For my previous wok-fried fish recipe, see Doubanyu: Fish in Pixian Doubanjiang (Chili Bean Sauce), 豆瓣鱼. For a different take on stovetop Chongqing fish, try Kathy’s Stovetop Chongqing Kaoyu (烤鱼): Wanzhou Grilled Fish!

Cooking With Pixian Doubanjiang: Wok-Fried Snapper in Chili Bean Sauce

By: Taylor Holliday | The Mala Market | Inspiration & Ingredients for Sichuan Cooking


  • 2 whole red snapper, about ¾ pound each, cleaned and descaled (or one large fish of your choosing)
  • 4 tablespoons caiziyou (Sichuan rapeseed oil)*
  • 3 tablespoons Chinese light soy sauce
  • 2 tablespoons Zhenjiang (Chinkiang) vinegar
  • 1 tablespoon hong you doubanjiang (red-oil chili bean paste)*
  • 1 teaspoon 3-year Pixian doubanjiang (chili bean paste)
  • 2 teaspoons sugar
  • 1 tablespoon Shaoxing wine
  • 1 tablespoon garlic, finely minced
  • 1 tablespoon ginger, finely minced
  • 6 scallions, thinly sliced on the diagonal


  • Thoroughly rinse and dry the fish. Heat a well-seasoned wok over a high flame until very hot, add oil and swirl around the wok to cover sides. Turn heat down to medium, and holding the fish by the tail, carefully slide it into the pan head first. Add the second fish alongside it. Let the fish cook undisturbed. After about 3 minutes you should be able to move the fish easily by shaking the pan and be able to gently left the fish with a spatula and check the color. Continue cooking until the skin is nicely golden brown.
  • While fish cooks, add soy sauce, vinegar, both kinds of chili bean paste, sugar and Shaoxing wine to a measuring cup. Add enough water to make ¾ cup sauce.
  • To flip the fish over, gently slide the spatula under the center of one fish and flip it over toward the outside of the wok. Do the same for the second fish, flipping it over toward the edge of the wok on the other side. If the fish is too heavy or unwieldy, you can use two spatulas to do this. Cook on second side for about 4 minutes, or until crispy gold. Move the fish to the sides slightly with the spatula to leave a well of oil in the middle of the wok. Add the garlic and ginger and cook briefly.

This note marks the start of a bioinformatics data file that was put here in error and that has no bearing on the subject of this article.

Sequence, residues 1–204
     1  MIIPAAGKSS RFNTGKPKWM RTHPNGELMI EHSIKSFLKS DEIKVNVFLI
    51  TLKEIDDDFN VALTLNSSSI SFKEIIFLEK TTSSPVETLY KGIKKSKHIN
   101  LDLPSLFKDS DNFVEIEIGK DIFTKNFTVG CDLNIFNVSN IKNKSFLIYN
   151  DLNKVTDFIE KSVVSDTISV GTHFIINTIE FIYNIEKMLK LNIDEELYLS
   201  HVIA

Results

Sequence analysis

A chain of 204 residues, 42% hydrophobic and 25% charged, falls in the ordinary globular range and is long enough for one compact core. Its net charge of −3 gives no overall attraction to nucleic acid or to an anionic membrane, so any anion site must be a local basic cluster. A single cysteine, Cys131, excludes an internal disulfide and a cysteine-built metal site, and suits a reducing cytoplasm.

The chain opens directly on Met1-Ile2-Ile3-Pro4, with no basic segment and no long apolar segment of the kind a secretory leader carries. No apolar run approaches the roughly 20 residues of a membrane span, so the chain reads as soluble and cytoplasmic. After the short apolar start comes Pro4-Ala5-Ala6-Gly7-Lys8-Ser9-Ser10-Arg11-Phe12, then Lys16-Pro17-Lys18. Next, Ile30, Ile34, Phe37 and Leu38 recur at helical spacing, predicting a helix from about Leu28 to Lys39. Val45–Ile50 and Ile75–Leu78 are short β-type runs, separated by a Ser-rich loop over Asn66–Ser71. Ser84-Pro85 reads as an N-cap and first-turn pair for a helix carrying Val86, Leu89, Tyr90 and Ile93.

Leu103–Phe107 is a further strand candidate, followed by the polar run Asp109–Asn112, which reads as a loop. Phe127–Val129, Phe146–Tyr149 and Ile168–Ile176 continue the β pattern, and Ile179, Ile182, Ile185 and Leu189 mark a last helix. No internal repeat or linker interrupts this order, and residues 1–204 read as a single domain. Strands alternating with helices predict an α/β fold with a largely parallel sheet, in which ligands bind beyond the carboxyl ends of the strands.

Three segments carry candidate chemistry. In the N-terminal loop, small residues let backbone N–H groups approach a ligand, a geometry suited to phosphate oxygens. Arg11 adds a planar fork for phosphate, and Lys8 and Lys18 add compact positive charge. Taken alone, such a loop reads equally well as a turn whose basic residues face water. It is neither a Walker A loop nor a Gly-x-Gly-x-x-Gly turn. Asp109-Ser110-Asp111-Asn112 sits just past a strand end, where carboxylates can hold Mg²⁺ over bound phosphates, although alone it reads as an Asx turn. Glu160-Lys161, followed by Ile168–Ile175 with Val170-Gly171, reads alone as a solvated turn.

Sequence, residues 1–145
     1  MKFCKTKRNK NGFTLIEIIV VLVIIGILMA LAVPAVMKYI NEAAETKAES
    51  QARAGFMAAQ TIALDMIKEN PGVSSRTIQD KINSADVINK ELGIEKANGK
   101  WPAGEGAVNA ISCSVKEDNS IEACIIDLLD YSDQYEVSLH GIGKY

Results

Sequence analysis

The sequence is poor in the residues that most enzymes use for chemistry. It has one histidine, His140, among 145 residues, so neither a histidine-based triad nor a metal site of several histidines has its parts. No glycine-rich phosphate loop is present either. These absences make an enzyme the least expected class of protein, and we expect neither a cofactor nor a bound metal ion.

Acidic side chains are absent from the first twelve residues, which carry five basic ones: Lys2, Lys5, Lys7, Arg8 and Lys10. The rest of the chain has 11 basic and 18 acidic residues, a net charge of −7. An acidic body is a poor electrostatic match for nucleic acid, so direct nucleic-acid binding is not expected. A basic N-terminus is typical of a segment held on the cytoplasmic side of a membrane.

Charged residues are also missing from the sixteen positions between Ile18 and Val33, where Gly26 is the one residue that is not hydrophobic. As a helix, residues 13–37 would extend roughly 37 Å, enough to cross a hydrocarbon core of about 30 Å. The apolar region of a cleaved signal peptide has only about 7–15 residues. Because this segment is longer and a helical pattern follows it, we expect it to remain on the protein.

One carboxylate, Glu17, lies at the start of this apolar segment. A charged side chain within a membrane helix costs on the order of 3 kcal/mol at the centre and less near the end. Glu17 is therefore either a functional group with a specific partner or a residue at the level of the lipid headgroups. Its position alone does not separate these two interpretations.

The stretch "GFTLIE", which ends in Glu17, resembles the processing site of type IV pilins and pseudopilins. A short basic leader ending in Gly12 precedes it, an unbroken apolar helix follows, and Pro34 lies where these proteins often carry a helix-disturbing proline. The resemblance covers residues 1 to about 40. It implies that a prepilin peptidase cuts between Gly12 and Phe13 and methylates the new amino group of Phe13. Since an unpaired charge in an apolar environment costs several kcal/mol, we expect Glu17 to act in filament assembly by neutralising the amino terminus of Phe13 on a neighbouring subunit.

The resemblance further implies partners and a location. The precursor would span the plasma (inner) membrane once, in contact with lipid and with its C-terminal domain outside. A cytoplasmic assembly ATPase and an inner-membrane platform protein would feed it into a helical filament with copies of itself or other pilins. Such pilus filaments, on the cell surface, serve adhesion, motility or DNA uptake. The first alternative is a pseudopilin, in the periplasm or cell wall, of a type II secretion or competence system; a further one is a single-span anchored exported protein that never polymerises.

• Poor the sauce directly over the fish, making sure to wet all of it, and carefully distribute the sauce around both fish. Sprinkle the green onions over and around the fish, cover the wok with a lid, and gently braise the fish, checking every couple minutes to check doneness. Check with a fork to make sure the fish is cooked through and easily flakes, then remove them to a serving plate. Pour sauce over fish and garnish with more scallion greens if desired.


Substitutions: use a neutral frying oil in place of the rapeseed oil; use only one kind of Pixian doubanjiang instead of the combo; substitute golden or dry sherry for the Shaoxing wine

Tried this recipe?

About Taylor Holliday

The Mala Market all began when Taylor, a former journalist, created this blog as a place to document her adventures learning to cook Sichuan food for Fongchong, her recently adopted 11-year-old daughter. They discovered through the years that the secret to making food that tastes like it would in China is using the same ingredients that are used in China. The mother-daughter team eventually began visiting Sichuan’s factories and farms together and, in 2016, opened The Mala Market, America’s source for Sichuan heritage brands and Chinese pantry essentials.

Recipes you might like

Leave a comment

Your email address will not be published. Required fields are marked *